Squats, Depth and PR’s

I recently decided to take all my old training and meet VHS videos and put them on DVD’s. While I was watching my old training videos, including my training partners footage, I noticed how deep we were squatting on all the sets and reps.

This started my thinking process for writing this blog.

 

  Almost all of the time in training we squatted 1-2 inches below parallel in all warm-ups and sets. There was no question to our depth from any angle. The reason we did this is because on the platform under meet conditions, the rules say you must go below parallel. When you’re on that platform with a heavy load on your back, most likely you're going to cut your squat high, especially when you get to PR level or heavier. 

If in training you usually cut them high or go just to parallel then at powerlifting meet time when the load is heavy and you're under pressure... you're going to cut the squat high just like you did in the gym. Your mind is going to take over and follow the same pattern that you've been training for the past 12-16 weeks while getting ready for this meet. You are  in a fight-or-flight situation during a maximum squat, so your body is going to default what it was taught over hundreds and hundreds of reps in training. If that training is all done with your squat depth being 1 plus inches below parallel, then that's what your body is going to revert to under stress. 

While scrolling through the hundreds of videos on Instagram and Facebook I see a common theme. Lots of gym PR’s with high squats. Now if that is your goal, to have a new PR at two inches above parallel level, then fantastic you are an Instagram star that disappeared 35 microseconds after you posted it because 10,000 other videos dumped on top of yours.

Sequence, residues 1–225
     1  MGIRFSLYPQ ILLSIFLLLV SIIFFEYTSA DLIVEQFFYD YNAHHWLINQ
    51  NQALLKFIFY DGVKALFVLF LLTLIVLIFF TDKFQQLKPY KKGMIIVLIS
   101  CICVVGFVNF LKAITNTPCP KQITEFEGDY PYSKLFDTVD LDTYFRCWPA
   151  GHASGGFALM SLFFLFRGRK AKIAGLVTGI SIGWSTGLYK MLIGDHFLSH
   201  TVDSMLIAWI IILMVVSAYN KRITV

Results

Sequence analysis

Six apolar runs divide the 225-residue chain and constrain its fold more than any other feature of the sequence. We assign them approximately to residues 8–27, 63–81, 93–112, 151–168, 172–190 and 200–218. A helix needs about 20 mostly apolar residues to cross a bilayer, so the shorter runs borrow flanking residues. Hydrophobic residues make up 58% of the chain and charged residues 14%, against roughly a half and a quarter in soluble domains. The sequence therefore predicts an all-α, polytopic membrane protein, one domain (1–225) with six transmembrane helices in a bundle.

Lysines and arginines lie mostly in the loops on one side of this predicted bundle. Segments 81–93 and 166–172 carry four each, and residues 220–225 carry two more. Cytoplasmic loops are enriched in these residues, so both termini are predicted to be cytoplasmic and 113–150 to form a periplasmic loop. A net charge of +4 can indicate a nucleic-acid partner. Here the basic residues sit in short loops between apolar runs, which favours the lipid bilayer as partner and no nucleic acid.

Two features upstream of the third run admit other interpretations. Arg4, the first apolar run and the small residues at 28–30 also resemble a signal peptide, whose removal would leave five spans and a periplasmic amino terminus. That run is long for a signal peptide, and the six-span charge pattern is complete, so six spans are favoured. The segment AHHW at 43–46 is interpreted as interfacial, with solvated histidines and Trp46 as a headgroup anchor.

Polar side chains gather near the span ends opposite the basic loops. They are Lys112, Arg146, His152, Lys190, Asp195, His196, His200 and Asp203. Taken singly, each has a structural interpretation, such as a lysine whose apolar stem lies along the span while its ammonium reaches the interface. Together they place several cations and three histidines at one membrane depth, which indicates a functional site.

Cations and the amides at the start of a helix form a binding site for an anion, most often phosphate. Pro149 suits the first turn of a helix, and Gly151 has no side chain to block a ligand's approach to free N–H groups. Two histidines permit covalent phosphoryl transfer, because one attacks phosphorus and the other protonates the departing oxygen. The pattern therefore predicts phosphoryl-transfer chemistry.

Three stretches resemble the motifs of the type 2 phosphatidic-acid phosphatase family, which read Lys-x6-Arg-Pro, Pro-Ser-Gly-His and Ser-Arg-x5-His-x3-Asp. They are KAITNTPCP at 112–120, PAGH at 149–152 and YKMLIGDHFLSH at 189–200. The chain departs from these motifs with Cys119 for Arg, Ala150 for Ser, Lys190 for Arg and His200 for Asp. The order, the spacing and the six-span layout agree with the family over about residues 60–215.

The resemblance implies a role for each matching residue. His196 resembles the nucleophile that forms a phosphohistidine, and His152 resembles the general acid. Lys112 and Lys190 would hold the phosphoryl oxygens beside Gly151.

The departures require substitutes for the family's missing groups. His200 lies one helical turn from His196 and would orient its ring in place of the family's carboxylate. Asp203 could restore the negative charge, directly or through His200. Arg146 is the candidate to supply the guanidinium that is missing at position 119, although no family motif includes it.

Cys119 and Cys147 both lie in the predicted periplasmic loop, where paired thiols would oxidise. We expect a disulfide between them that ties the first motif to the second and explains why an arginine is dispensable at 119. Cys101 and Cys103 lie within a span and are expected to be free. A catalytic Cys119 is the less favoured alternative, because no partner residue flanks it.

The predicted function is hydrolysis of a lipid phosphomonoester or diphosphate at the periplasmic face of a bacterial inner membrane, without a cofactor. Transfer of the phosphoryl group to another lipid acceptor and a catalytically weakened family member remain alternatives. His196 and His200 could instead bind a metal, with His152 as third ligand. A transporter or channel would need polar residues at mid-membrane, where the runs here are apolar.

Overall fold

Shouldn’t you be focusing on getting every single rep, including warm-ups, below parallel as you would on the platform? You need to teach your mind and body the motor path to go that deep all the time. High squats do have their place in training when learning to handle heavier weights... but this is just for a couple weeks here and there, not every training session. You need to be truthful with yourself and your training partners need to be truthful with you and call it high if it's high. Don't say “oh it was almost good” because the judge on that platform at your next meet doesn't have an “almost good light” on his control box. If you train deep all the time, when you get to the meet there won't be any question in your mind and you'll just be picking out new PR attempts or breaking records. 

I have competed in over 150 meets over the last 30 plus years. Squatted over 800 pounds in single-ply gear at least 15 times. 150 meets x 3 squat attempts is 450 platform judged squats. I have been called for squat depth less than 10% off the time. Don't misunderstand; I have missed squat attempts for making mistakes, like taking a step, failing because it is too heavy, and racking too soon, but depth was never my problem because I trained deep all the time.

Your training partners and your training team are your friends, but they need to judge the hell out of you when you're training. They need to be brutally honest and not pad your ego with poor lifts. There's no judge out there on the platform that's going to pad your ego. If you need to back down the weight training to hit some depth then do it. It's better than missing an attempt. This all applies whether you're equipped or raw powerlifting. 

This ties in to a related rant - What is it with all the Instagram posts of people setting new gym PR singles at the gym 2-3 weeks before a meet. Most of those people try that same weight at the meet a few weeks later and wonder why they didn’t get it. Hm, maybe it’s because you’re tapped out and you peaked 2-3 weeks before the meet. Your body can only take so many max-grind-out singles before you start sliding down hill. The meet is the place to see what your single PR is and not the gym. If you don’t have a meet for several months then go ahead and give it a try, but any time you do max singles you are opening the injury door and leaving it open. My training partners and I always worked towards max triples or max fives. A single max in the gym is a scary animal that can cause injury.  I also hear this all the time, “I did my max because I needed to see if I could do it before the meet”. Who cares if you did a gym max really? If you are a competitive powerlifter then take your max on the platform where it matters and is judged. The IG world does not really care if you quarter squatted 800 pounds in the gym, but oh do they care when you get to the meet and get called high with 405 three times in a row.

Stay Tuned for my own USPA Drug Tested Nationals Meet report in my next blog post.